China’s inflation is at a five-year low, and pigs may be playing a big part in the concern over deflation.
According to the Wall Street Journal, pork prices make up about 10-15 per cent when measuring CPI and inflation.
Since pork prices fell 4.3 per cent last year, this could be a key reason why consumer inflation has seen surprisingly low growth, at an average of 2 per cent for 2014. Other causes include falling oil prices and a slowed housing market.
The article connects the decline in pork prices with Chinese President Xi Jinping’s campaign against corruption and extravagant spending. Households are cutting down on pork, which is a large part of the Chinese diet.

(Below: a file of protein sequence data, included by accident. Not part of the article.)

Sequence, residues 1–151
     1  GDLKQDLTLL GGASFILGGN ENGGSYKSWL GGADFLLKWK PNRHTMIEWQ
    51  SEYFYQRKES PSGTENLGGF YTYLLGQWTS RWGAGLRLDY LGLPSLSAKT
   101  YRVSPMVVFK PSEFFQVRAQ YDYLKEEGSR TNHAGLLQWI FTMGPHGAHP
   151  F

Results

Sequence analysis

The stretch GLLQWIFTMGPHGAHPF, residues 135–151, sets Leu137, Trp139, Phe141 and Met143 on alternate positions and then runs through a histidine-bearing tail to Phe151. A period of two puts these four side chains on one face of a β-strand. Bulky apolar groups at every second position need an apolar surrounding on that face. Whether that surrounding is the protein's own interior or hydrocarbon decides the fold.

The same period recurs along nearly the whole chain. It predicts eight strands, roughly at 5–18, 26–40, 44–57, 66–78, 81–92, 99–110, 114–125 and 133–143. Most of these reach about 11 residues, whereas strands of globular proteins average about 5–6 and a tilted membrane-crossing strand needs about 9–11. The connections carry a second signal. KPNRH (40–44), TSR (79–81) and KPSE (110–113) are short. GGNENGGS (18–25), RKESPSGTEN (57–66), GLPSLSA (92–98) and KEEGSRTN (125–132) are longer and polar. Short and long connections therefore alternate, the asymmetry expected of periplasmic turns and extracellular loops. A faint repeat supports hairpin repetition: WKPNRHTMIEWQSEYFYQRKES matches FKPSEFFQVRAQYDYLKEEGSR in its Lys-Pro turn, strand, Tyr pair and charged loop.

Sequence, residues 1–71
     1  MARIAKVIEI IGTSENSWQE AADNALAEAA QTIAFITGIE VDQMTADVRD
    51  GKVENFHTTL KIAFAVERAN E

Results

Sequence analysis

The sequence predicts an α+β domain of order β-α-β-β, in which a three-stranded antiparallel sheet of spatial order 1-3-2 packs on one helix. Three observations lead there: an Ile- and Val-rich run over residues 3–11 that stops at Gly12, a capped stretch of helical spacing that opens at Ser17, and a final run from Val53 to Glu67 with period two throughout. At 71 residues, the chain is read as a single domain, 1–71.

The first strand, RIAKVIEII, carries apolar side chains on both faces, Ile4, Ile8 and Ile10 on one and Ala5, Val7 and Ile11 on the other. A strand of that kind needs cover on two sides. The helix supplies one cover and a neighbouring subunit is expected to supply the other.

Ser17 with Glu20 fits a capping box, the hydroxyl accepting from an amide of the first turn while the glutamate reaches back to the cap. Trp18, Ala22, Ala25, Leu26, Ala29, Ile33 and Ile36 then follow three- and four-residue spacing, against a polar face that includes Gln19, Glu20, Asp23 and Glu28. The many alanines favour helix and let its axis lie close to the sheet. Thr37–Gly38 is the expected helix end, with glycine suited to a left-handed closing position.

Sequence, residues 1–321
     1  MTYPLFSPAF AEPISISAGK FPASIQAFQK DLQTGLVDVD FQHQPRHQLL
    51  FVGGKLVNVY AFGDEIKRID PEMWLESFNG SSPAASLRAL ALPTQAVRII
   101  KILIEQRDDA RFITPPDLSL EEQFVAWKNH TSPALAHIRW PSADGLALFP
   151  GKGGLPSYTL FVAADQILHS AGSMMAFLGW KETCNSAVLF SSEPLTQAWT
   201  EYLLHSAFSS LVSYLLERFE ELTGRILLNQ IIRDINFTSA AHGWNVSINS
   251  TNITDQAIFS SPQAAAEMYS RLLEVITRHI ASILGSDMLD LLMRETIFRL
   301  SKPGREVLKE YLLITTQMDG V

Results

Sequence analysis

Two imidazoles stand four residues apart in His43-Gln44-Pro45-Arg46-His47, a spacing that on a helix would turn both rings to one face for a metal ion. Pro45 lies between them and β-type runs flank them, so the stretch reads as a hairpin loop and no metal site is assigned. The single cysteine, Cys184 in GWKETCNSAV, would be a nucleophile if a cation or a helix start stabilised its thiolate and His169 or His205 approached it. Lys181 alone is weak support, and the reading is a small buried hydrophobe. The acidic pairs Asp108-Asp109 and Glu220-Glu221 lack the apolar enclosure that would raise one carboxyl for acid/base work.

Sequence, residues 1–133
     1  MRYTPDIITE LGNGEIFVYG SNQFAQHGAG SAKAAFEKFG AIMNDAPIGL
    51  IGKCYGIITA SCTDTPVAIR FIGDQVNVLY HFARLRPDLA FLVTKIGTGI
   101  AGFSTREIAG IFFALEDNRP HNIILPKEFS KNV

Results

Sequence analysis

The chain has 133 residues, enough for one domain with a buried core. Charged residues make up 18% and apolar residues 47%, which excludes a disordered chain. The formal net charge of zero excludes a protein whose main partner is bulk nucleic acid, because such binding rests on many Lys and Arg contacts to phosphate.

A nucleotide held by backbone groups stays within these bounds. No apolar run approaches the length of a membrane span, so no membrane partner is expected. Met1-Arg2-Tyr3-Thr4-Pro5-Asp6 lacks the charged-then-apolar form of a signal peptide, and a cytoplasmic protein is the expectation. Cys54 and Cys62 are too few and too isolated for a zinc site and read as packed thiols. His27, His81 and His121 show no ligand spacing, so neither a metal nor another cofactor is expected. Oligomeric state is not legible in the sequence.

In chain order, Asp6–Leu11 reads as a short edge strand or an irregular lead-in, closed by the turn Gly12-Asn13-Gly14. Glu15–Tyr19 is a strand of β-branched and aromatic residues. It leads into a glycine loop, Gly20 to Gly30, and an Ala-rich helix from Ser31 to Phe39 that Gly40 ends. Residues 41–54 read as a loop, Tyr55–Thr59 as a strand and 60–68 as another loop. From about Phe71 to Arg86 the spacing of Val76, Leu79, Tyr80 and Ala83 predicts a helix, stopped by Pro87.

“What’s different this time around is that the government’s [anti-extravagance] campaign has changed pork consumption and thus the cycle of pork prices,” economist Zhou Hao told WSJ. “Things are different now. I just don’t see any signs of recovery in pork prices any time soon.”
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